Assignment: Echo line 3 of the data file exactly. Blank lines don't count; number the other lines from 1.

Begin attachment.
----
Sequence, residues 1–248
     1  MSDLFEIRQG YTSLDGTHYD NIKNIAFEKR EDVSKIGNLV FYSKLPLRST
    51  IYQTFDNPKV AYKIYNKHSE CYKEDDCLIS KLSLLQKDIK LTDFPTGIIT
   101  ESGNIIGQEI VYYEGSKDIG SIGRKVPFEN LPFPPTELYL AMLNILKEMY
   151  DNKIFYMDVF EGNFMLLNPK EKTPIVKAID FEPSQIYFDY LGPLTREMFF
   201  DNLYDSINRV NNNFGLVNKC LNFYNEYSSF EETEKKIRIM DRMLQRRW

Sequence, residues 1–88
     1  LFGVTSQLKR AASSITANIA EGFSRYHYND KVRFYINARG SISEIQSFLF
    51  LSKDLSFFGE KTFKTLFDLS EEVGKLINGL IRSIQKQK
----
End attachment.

    51  IYQTFDNPKV AYKIYNKHSE CYKEDDCLIS KLSLLQKDIK LTDFPTGIIT